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Airbnb has pledged to donate $5 million to address homelessness in San Francisco.

James Martin

Airbnb is partnering with San Francisco Mayor London Breed to tackle homelessness in the city. The home rental company announced Monday that it will contribute $2 million to specifically assist homeless youth.

"Shelter is a basic need, yet on any given night, nearly 1,200 young people sleep on San Francisco streets," Airbnb CEO Brian Chesky said in a statement. "This is our hometown, and we have a responsibility to help those young people in need of housing and job opportunities."

The contribution is part of a $5 million pledge Airbnb announced to fight homelessness in San Francisco in November. The company's plan is to work with lawmakers and community organizations over the next three years. The $2 million will go to a campaign called Rising Up that provides housing and job placement to young people. Cloud communications company Twilio is also contributing $700,000 to the cause.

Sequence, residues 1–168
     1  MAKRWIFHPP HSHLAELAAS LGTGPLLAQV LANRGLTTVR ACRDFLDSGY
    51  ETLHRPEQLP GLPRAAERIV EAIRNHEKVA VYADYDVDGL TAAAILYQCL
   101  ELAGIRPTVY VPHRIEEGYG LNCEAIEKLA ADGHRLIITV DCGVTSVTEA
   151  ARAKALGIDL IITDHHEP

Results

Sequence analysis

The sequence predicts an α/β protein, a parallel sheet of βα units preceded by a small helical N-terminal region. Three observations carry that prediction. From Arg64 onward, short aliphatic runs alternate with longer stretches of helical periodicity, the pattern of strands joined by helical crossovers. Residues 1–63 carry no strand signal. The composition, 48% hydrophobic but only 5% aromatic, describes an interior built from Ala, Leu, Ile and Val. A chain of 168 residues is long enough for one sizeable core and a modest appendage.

Airbnb has a complicated relationship with San Francisco and many other cities around the world. While it's created a new way for people to travel and earn an income by renting out their homes, it's often been blamed for contributing to higher rents and lowered vacancy rates. Critics say longterm rentals are taken off the market for Airbnb rentals, which has exacerbated the housing crunch and homelessness.

Over the years, Airbnb has begun collecting taxes to contribute to cities and cracked down on people who rent out several units unlawfully. But, illegal rentals still reportedly happen.

Airbnb has already donated $750,000 over the last two years to local organizations working on homelessness issues in San Francisco. The goal of the new funding to the Rising Up campaign is to cut youth homelessness in half by the end of 2022.

This donation is "catalytic and inspiring," said Sherilyn Adams, executive director of Larkin Street Youth Services, which is the anchor organization for Rising Up. "Investing in young people through Rising Up will not only save lives and change their trajectory, it will also ultimately reduce chronic homelessness in San Francisco." 

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